is intercepted by the armature catch point and this corresponds to the neutral steering
Assume that the escapement has a rubber-band attached and
is ready to operate. Refer to Fig. 5. If a signal is transmitted, armature Y pulls
down releasing the offset finger. At the same instant, the "on" catch point moves
in and finger 3 is intercepted and held. This is "right." If now, the signal is
turned off, this catch point moves back, releases finger 3, and the shaft rotates
clear around until the offset finger (1) again en-gages armature Y. The steering
element has returned to neutral.
Notice the front of the escapement
with its ratchet wheel and rocker arm that engages the teeth on the ratchet wheel
(Fig. 4). This prevents the escapement shaft from snapping from one position to
another. It causes the fingers to move around at a definite speed.
Fig. 5. Diagram of the Bonner compound escapement in the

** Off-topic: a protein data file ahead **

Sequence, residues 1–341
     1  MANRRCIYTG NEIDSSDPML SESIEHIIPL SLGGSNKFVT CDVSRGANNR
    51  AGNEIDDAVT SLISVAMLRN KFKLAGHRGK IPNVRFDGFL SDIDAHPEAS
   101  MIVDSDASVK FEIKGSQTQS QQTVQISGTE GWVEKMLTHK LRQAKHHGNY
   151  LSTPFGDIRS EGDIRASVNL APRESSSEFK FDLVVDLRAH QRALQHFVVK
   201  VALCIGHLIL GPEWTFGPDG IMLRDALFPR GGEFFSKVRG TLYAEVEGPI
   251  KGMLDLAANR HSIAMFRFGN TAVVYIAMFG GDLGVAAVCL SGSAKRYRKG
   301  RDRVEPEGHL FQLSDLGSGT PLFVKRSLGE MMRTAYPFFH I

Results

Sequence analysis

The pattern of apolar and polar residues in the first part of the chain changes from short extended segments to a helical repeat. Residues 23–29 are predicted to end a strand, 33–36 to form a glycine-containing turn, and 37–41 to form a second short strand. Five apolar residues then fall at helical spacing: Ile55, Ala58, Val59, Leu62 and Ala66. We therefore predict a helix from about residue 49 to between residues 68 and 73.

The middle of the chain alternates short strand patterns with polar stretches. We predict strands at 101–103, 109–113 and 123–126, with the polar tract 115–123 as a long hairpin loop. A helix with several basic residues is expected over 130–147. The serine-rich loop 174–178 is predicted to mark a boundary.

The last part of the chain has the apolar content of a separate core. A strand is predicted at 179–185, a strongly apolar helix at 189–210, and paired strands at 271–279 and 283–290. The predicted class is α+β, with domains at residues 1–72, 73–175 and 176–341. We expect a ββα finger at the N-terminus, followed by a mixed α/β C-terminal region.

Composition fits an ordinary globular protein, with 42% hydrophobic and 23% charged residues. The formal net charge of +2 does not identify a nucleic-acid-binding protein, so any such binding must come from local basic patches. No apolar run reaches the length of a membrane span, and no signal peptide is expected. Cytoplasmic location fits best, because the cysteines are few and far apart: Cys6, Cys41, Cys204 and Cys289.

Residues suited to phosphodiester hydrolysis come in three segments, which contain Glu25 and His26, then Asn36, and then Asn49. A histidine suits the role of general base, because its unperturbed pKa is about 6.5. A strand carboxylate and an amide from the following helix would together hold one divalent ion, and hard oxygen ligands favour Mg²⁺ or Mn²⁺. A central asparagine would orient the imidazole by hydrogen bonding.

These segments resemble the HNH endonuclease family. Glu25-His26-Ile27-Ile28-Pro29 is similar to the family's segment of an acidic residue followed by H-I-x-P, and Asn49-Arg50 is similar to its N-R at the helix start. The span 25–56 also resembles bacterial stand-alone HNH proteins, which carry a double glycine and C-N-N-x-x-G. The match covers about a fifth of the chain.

For example, to obtain "left," a signal is sent
causing armature Y to pull down. Finger 3 is intercepted by the "on" catch point.
Now, assume the signal is broken for just an instant and transmitted again. The
rocker prevents the shaft from snapping around and so, the "on" catch point which
moved back when the signal was broken,. now moves forward again before finger 4
can get by. While the catch point holds finger 4, the crank is "left." If the signal
is turned off momentarily and on again, the offset finger slips by, but finger 2
is caught and held. The crank is almost at neutral and there is no steering, but
another part of the escapement now enters the picture to do another job.
Right behind the ratchet wheel is located a set of spring contacts which are now
closed by a tiny nub on the bottom of the wheel. This can close a circuit to operate
the extra function, which can take the form of a motor speed control, reversing
control, gas feed control, etc., depending on the type of model controlled.